carreira               carreras-sps

Carriera: Portrait of Watteau 1721                   Carriera: Self Portrait 1746 (aged 73)

‘Breaking the Mould’ 2: Rosalba Carriera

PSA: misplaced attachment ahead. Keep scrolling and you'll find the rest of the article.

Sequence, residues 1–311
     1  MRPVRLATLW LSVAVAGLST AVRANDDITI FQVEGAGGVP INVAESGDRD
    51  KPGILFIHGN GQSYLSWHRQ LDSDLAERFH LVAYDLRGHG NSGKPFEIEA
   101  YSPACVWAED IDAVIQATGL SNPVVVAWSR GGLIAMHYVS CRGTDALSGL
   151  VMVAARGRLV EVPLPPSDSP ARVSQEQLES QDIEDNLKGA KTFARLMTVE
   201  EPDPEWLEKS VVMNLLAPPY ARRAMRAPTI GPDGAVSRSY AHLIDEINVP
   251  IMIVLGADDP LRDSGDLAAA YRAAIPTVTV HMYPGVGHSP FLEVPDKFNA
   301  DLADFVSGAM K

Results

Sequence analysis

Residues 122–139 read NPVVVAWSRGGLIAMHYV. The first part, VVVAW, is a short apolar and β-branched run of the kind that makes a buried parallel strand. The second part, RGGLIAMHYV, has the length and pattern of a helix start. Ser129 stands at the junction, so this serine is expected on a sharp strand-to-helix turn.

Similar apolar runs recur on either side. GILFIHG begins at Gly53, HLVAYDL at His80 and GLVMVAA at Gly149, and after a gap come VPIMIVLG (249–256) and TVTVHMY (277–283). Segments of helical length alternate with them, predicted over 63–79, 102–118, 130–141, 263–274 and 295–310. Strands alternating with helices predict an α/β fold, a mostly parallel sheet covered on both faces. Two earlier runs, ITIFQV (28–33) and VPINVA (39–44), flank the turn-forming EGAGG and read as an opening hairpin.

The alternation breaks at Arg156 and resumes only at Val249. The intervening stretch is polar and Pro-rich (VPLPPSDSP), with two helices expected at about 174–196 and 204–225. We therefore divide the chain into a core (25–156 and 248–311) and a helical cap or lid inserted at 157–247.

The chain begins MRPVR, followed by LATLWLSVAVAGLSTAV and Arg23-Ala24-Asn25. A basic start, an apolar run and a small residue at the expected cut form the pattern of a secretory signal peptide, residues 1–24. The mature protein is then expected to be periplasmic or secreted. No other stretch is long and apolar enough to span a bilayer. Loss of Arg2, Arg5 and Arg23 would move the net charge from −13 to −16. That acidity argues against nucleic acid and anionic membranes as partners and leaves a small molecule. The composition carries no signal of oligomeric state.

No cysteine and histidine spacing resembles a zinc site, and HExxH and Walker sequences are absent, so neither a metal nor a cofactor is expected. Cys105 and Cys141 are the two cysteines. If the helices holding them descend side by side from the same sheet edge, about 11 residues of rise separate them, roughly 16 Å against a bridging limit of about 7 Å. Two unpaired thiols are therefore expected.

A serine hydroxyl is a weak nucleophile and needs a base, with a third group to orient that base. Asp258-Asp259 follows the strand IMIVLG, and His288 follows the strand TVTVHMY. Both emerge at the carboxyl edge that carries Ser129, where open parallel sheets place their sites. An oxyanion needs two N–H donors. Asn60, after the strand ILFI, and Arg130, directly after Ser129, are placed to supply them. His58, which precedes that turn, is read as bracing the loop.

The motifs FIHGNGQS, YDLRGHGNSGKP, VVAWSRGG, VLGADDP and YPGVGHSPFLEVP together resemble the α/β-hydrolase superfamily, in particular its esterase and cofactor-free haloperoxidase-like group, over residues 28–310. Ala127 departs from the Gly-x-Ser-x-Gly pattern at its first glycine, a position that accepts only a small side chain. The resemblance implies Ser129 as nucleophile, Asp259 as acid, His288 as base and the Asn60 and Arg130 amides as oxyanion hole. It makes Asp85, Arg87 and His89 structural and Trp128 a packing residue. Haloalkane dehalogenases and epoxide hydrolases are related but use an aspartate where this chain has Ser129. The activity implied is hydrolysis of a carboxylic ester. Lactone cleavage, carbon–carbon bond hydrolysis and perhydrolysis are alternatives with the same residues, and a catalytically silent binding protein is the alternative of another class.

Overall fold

Like Therbusch, Rosalba Carriera (1673-1757), was another lady artist who broke with convention. She developed her own pastel technique to perfection using it as the finished medium, which was unusual as pastel was traditionally used only for preparatory drawings. She created beautifully soft, sensitive and insightful portraits which were immensely popular. She began her career by painting miniatures for visitors to her native Venice (many on the ‘Grand Tour’). These were often done on ivory which heightened the luminosity of the skin (it was cut into thin sheets and sanded for better adherence). In 1720 she made her first visit to Paris where she was elected to the Academie Royale de Peinture et Sculpture by acclamation rather than application. This was an immense achievement – especially since she was, like Therbusch, a foreigner. Whilst there she got to know the leading Rococo artist Antoine Watteau (who died young, shortly after the portrait above was completed), and even gave artistic guidance to Quentin de la Tour, who went on to become the leading pastel portraitist in France. Most amazing and unusual though, are her self portraits which are astoundingly honest and unpretentious. Unlike Vigee Le Brun, she was no beauty and yet she makes no attempt to flatter herself. Her late Self Portrait (above), executed when she was the ripe old age of 73, emphasizes her ‘masculine’ intellect (like Therbusch’s innovative self portrait in my previous post). She resembles an ancient philosopher (the wreath around her head underlines this), contemplating life’s mystery – or perhaps its tragedy (it is sometimes thought to be a personification of tragedy). Carriera suffered from routine bouts of depression, especially towards the end of her life when her eyesight failed. I think her portraits are truly probing and different and her self portraits so hard-hitting they could be mistaken for Modernist works. My advice – look her up!